The first thing I look for in a rub, besides the size of the tree it was made
on, is if the surrounding trees also show signs of rubbing. In particular if
there is a cluster of trees, check the trees behind the main initial rub.
Carefully inspect them for tine marks. Larger bucks with tall tines will often
leave evidence on the trees behind the main rub giving you an idea of the rack he
As mentioned earlier the main
emphasis is usually related to rublines and with good reason. Finding a rubline
will routinely mark the preferred travel of a buck between bedding and feeding
and most times, appear on a well used trail. This provides a lot of opportunities
for lesser bucks to view and scent the dominant bucks presence. A travel corridor
with repeated rubs popping up is a good place to hang a stand. Typically you can
gain an advantage if the majority of rubs appear on one side of the trees along
the rubline. This gives you a definite direction of travel.
If I had to put my money on any source of rubs it would be clusters of
concentrated rubs. As smaller bucks make fewer rubs you can judge, by the number
of rubs, whether or not more than one small buck, or possibly one dominant buck
is frequenting the area. Older bucks tend to make more rubs in an area where they
prefer to bed and generally feel more relaxed. A line or swath of clustered rubs
dictates a high percentage area for connecting with a buck and a good place to
hang a stand.
The Tree Debate
I wont go much into which trees deer rub on because a deer will
rub on any tree or even fences, telephone poles, or simply tear through a small
brush pile. After all, most people aren't targeting a specific type of tree when
searching for rubs. You are searching for the rubs themselves. Most deer in the
northern regions prefer the thinner bark of trees such as aspens, poplars, and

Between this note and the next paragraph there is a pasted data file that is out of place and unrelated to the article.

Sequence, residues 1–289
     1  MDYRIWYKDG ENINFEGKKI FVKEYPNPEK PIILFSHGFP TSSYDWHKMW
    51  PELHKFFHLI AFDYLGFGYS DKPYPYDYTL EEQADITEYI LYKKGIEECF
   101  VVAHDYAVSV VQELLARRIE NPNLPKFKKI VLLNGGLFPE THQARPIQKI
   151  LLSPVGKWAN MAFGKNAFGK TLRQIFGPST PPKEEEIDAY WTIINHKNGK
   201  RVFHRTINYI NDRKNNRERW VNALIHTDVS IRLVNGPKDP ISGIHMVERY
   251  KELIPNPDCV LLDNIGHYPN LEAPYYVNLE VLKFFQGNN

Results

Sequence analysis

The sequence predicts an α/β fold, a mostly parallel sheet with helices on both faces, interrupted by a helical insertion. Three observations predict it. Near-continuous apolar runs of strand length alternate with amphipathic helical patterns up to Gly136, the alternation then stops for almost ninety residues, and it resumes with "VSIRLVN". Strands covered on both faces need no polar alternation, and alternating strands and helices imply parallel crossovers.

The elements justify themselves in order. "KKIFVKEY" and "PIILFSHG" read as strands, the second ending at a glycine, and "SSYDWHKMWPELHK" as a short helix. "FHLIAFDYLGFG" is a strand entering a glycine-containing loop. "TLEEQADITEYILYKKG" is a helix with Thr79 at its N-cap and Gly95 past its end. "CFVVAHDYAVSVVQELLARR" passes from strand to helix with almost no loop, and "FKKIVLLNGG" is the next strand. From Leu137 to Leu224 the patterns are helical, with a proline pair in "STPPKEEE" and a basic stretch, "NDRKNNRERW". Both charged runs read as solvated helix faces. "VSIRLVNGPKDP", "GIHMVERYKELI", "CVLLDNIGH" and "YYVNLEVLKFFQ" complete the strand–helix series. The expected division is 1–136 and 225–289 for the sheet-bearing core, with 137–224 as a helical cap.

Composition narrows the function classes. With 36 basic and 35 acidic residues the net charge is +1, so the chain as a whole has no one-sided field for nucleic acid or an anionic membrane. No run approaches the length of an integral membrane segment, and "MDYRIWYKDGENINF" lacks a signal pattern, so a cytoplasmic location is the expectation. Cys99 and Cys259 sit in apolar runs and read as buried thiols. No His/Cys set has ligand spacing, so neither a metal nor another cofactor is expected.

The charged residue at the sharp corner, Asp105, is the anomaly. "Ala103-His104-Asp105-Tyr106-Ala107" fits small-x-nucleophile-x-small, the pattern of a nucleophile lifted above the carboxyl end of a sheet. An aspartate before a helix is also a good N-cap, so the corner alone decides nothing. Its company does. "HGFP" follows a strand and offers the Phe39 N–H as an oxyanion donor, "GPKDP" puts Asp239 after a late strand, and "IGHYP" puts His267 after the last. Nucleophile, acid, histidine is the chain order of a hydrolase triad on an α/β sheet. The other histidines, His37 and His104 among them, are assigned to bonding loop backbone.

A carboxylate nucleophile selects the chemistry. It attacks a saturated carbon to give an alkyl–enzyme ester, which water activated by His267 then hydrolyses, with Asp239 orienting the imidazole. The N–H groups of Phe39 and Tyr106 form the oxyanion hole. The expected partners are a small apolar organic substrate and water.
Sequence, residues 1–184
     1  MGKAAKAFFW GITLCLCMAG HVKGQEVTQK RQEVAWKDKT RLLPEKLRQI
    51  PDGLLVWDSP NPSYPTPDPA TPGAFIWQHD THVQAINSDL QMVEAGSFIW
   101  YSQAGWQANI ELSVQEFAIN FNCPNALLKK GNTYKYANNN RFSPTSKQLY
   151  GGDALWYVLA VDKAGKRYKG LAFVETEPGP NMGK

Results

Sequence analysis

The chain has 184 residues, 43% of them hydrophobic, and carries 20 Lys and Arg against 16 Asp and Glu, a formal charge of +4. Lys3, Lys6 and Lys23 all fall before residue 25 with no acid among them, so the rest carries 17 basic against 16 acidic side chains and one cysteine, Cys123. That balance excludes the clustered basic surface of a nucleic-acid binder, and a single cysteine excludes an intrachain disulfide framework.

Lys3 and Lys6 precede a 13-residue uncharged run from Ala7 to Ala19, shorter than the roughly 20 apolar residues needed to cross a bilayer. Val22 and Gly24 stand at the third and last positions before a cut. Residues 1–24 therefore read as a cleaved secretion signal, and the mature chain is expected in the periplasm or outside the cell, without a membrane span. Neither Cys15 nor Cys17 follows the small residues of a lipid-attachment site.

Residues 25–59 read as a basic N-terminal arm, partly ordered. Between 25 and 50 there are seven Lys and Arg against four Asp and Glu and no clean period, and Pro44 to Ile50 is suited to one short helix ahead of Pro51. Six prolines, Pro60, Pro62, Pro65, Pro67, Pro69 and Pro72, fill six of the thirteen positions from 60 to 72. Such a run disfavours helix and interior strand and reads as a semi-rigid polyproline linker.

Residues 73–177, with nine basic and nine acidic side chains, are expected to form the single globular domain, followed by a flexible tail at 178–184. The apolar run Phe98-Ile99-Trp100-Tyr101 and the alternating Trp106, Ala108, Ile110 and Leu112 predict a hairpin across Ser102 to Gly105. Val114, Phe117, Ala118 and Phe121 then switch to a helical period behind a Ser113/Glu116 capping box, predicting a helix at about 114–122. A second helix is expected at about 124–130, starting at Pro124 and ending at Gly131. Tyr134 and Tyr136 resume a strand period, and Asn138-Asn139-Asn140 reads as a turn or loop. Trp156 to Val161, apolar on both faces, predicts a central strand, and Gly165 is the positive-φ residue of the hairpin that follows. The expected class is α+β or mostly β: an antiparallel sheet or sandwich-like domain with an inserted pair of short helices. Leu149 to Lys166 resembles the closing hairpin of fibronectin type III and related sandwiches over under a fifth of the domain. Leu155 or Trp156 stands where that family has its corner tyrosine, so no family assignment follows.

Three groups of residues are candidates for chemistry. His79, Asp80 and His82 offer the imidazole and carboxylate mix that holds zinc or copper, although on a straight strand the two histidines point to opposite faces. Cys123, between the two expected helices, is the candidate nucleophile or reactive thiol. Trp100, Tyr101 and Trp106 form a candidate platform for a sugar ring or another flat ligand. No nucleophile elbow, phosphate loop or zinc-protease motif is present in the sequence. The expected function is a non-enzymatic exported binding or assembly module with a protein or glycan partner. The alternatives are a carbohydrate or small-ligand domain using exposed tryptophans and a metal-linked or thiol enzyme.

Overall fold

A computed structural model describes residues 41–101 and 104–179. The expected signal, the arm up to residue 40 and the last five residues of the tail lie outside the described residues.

young maples. Typically they try to avoid trees with many low hanging branches.
Further to the south it has been noted that bucks tend to rub more aromatic trees
such as cedars, junipers, and cherry. One attribute that most rubs share is the
type of tree used for the rub usually has a light colored inner skin or woody
area. This makes for a more striking contrast which is easily spotted by both
humans and other deer.
When searching directly for rubs a good area to target is a recent clear-cut
area where the saplings have risen from the ground once again. These young
saplings have a lot of spring to them while their bark is tender and easily
stripped. Consequently these areas also provide a lot of new legume growth and
attract a lot of deer into the area. You will more than likely find the dominant
buck of the area frequenting the clear-cut staking claim to this new buffet of
easily accessible food source. An area like this will typically hold deer for
several years to come until the trees begin to choke out the undergrowth. Check
the area for previous years of rubbing activity by looking for scaring on trees
and any type of repeated concentrations. This may well be all the evidence you
need to confirm that a big buck has once again survived the hunting season due to
other hunters inability to read the signs of a rub.